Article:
Restrictions on stub areas
1. As in any area, all routers in a stub area must have identical link state databases. To ensure this condition, all stub routers will set a flag (the E-bit) in their Hello packets to zero; they will not accept any Hello from a router in which the E-bit is set to one. As a result, adjacencies will not be established with any router that is not configured as a stub router.
2. Virtual links cannot be configured within, or transit, a stub area.
3. No router within a stub area can be an ASBR. This restriction is intuitively understandable because ASBRs produce type 5 LSAs and type 5 LSAs cannot exist within a stub area.
4. A stub area may have more than one ABR, but because of the default route, the Internal Routers cannot determine which router is the optimal gateway to the ASBR.
Totally Stubby Areas

If memory is saved by blocking the propagation of type 5 and type 4 LSAs into an area, wouldn’t more memory be saved by blocking type 3 LSAs? In addressing this question, Cisco carries the concept of stub areas to its logical conclusion with a scheme known as totally stubby areas.
Totally stubby areas use a default route to reach not only destinations external to the autonomous system but also all destinations external to the area. The ABR of a totally stubby area will block not only AS External LSAs but also all Summary LSAs—with the exception of a single type 3 LSA to advertise the default route.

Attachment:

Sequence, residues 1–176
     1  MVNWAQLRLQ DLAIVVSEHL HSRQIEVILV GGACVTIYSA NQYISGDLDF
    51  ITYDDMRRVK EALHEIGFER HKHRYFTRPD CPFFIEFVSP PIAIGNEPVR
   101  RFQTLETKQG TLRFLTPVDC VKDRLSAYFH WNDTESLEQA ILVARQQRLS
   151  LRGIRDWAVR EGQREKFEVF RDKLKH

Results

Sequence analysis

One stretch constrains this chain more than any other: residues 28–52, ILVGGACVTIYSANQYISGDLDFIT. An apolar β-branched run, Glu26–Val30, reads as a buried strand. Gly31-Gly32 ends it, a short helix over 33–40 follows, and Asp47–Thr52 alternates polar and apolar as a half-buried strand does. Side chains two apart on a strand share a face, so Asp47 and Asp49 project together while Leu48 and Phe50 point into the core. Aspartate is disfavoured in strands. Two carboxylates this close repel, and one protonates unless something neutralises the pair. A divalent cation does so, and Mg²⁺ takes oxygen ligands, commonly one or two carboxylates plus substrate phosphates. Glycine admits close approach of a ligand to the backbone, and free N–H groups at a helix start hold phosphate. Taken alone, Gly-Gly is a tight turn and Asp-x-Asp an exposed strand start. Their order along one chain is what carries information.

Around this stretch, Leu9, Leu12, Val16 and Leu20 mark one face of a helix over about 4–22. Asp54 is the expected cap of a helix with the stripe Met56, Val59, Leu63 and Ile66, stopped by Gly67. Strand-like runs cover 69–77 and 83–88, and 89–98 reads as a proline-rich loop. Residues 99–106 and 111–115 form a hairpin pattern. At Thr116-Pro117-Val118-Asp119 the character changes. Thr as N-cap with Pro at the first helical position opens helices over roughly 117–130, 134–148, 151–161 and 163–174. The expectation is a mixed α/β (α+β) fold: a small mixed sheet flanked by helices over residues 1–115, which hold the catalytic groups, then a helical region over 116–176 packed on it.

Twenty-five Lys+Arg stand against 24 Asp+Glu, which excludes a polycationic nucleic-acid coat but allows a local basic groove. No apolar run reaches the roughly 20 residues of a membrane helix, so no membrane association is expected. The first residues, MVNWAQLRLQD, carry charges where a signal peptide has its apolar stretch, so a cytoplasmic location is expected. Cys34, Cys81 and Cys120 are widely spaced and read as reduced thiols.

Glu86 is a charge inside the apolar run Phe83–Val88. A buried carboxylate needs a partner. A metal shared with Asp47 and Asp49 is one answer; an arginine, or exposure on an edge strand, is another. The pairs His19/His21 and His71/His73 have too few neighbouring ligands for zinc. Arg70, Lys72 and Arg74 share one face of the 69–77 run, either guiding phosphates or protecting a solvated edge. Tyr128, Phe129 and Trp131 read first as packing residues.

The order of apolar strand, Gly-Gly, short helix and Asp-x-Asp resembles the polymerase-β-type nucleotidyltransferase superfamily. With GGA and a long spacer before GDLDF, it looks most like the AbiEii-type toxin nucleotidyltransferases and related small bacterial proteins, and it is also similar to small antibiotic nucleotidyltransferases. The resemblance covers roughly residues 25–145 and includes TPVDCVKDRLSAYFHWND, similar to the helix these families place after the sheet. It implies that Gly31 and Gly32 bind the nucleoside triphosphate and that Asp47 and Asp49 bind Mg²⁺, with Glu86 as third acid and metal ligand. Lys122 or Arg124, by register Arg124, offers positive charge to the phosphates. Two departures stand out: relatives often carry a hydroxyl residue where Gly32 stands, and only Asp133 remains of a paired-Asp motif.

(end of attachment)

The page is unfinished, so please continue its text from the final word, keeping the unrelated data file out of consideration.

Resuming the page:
Not-So-Stubby Areas
A router with a few stub networks must be attached to the OSPF internetwork via one of the area 2 routers. The router supports only RIP, so the area 2 router will run RIP and redistribute the networks into OSPF. Unfortunately, this configuration makes the area 2 router an ASBR, and therefore area 2 can no longer be a stub area.

The RIP speaker does not need to learn routes from OSPF—a default route pointing to the area 2 router is all it needs. But all OSPF routers must know about the networks attached to the RIP router to route packets to them.

Not-so-stubby areas(NSSAs)[17] allow external routes to be advertised into the OSPF autonomous system while retaining the characteristics of a stub area to the rest of the autonomous system. To do this, the ASBR in an NSSA will originate type 7 LSAs to advertise the external destinations. These NSSA External LSAs are flooded throughout the NSSA but are blocked at the ABR.

The NSSA External LSA has a flag in its header known as the P-bit. The NSSA ASBR has the option of setting or clearing the P-bit. If the NSSA’s ABR receives a type 7 LSA with the P-bit set to one, it will translate the type 7 LSA into a type 5 LSA and flood it throughout the other areas. If the
P-bit is set to zero, no translation will take place and the destination in the type 7 LSA will not be advertised outside of the NSSA.

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OSPF – LSA Types


  • LSA 1 (Router LSA)

Generated by all routers in an area to describe their directly attached links (Intra-area routes). These do not leave the area.

  • LSA 2 (Network LSA)

Generated by the DR of a broadcast or Nonbroadcast segment to describe the neighbors connected to the segment. These do not leave the area.

  • LSA 3 (Summary LSA)

Generated by the ABR to describe a route to neighbors outside the area. (Inter-area routes)

  • LSA 4 (Summary LSA)

Generated by the ABR to describe a route to an ASBR to neighbors outside the area.